Previously called Missing Pieces, Lost and Found is a New Zealand documentary series currently in its fourth season. Hosted by David Lomas, the series not only helps people find missing relatives but uncovers cultural identities and discovers lost family heritage.
One recent show had me particularly emotional when a 35-year-old daughter discovered the story of the mother she was separated from as a baby. Tragically the French mother had committed suicide 10 years previously after being unable to cope with the grief of not being able to find her daughter for all those years. Her death had also led to the breakdown of wider family relationships in France.
The meeting of the NZ-raised daughter with her long-lost French family was deeply emotional for all sides and ultimately brought significant healing to the wider family in unimaginable ways. What was lost was found, what was broken was healed.
I cried like a baby. For a long time. Just as well it was dark, I had to take the dog for a walk to get some space to reflect.
At its heart Lost and Found, and its international colleagues (I’ve watched both the Australian and British equivalents) is all about people finding a missing part of their lives, filling a hole that just can’t be filled in any other way. The strong desire to know who we are and where we come from just can’t be satisfied until we have that connection, even if the connection is not what we anticipate.
It should be no surprise that knowing who we are and where we come from is the cry of our hearts. We are designed to know our identity and our designer wants us know who we are.
Perhaps this is why Psalm 139 is one of the most well-known Psalms in the Bible. It gives us the connection that we need; it provides the most comprehensive answer to the question, ‘who am I?’
The psalmist writes in Psalm Chapter 139, Verses 13-14, “For you created my inmost being; you knit me together in my mother’s womb. I praise you because I am fearfully and wonderfully made; your works are wonderful, I know that full well.” Combined with all the other verses of this psalm, the most beautiful picture of our creation and identity can be drawn. While we have earthly parents, we ultimately have a heavenly creator, a Father, who knew us before we even knew ourselves.
Lost and Found is a wonderful celebration of life, but its stories are often mired in tragedy because of the broken nature of humanity and the reality of adversity. Not every story has a happy ending.
Psalm 139 gives us a happy ending, every single time, should we choose to embrace the bigger picture of who we are and where we come from. I would argue, from both my own experience and the experiences of those I’ve ministered to, that finding our identity as a son or daughter of the living God makes the most profound difference to our lives.
Knowing our identity in God is the most significant way to find the kind of life in this world that Jesus said we can have. In John Chapter 10 Verse 10 Jesus says, “I have come that they may have life, and have it to the full.” Note the life to the full part; this is the deep sense of knowing who we are despite the imperfections that surround us in this world.
Because of what I see and experience in this world I believe that the ability to find our identity is perhaps the most significant tool we can have in our evangelism toolbox. Just watch the end of Lost and Found to see the difference it makes in this world, let alone the difference finding our bigger identity makes to our eternity.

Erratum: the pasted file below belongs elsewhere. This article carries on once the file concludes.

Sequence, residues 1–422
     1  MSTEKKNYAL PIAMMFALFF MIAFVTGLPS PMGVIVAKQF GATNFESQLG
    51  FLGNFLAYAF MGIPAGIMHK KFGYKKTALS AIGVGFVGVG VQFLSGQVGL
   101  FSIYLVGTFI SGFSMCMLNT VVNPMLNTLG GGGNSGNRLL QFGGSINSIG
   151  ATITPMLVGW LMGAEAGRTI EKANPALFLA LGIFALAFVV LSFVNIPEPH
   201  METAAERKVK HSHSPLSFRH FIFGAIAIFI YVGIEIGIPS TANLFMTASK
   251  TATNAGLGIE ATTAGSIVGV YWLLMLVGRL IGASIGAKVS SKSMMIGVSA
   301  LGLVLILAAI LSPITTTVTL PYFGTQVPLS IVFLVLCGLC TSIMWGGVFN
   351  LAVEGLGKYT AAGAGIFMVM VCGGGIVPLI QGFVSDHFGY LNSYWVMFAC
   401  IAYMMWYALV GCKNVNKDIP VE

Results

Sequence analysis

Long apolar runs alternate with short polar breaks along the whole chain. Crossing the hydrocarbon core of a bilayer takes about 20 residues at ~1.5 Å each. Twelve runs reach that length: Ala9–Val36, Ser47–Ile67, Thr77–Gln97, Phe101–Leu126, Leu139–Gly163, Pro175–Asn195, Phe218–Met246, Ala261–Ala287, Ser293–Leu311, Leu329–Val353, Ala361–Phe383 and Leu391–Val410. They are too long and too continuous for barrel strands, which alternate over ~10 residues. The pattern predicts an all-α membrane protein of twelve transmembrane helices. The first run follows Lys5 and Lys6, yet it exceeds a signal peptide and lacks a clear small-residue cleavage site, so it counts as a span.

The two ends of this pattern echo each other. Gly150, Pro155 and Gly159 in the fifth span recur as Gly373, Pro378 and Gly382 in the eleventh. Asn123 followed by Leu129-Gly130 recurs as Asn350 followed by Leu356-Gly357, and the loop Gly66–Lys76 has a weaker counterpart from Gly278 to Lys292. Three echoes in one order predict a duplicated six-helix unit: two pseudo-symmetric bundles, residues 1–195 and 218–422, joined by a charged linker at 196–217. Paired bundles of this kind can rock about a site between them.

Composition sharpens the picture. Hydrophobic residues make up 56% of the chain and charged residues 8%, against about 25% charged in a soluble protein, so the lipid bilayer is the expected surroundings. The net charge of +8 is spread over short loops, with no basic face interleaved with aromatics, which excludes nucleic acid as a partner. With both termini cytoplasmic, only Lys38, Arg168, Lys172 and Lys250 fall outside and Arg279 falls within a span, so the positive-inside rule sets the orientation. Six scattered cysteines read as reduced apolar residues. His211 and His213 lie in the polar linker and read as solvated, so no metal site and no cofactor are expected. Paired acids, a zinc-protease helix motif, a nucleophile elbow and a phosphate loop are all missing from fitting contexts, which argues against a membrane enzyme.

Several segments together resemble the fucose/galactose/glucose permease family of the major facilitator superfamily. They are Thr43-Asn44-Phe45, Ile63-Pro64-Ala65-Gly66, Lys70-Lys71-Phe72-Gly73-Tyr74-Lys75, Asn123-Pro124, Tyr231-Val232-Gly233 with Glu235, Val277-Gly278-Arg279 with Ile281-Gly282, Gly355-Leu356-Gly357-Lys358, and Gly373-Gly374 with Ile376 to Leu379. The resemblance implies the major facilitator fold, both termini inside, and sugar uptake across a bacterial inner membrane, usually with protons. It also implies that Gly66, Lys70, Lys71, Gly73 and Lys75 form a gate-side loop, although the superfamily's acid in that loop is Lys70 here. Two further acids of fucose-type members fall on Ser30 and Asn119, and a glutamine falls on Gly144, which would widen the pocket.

You Say by Lauren Daigle
Artist Lauren Daigle made a significant contribution to our understanding of our identity in God when she released her song, You Say, in July of this year. The lyrics speak directly to the issue of identity, with the chorus summing it up:
You say I am loved when I can’t feel a thing
You say I am strong when I think I am weak
You say I am held when I am falling short
When I don’t belong, oh You say that I am Yours
And I believe, oh I believe
What You say of me
When we know, in the deepest part of our heart that that we are loved, that we are strong, that we are held and that we belong to God, can be the most life-transforming and comforting emotion that we have the opportunity to embrace. I should know, I’ve had to learn this lesson over many years, and am still learning it.
One of the most sung songs in the world aptly summarises our ability to end the search for our identity when we open our heart to God. John Newton wrote in his 1779 poem, “I once was lost but now am found, was blind but now I see.”
May we know the peace the passes human understanding that comes with knowing who we are and where we come from, and may we take that message to all of those seeking to find what they’ve lost.
Grant Harris has been the Senior Pastor of Windsor Park Baptist Church in Auckland, New Zealand, for ten years. He’s also been the Chaplain to the SkyCity NZ Breakers Basketball Club for the last eight years. Because of his own journey, one of his hobby-horses now that he’s an old man (well he’s 48!) is helping people find something they’ve lost – their identity. He thinks that finding identity in God is the real deal. You can contact Grant at email@example.com
Grant Harris is the Senior Pastor of Windsor Park Baptist Church in Auckland, New Zealand, a church that was planted 65-years ago and comprises people of all generations seeking to reach a community that consists of people of all generations. The tagline of Windsor Park is ‘doing life and faith, together.’ Grant can be contacted at firstname.lastname@example.org.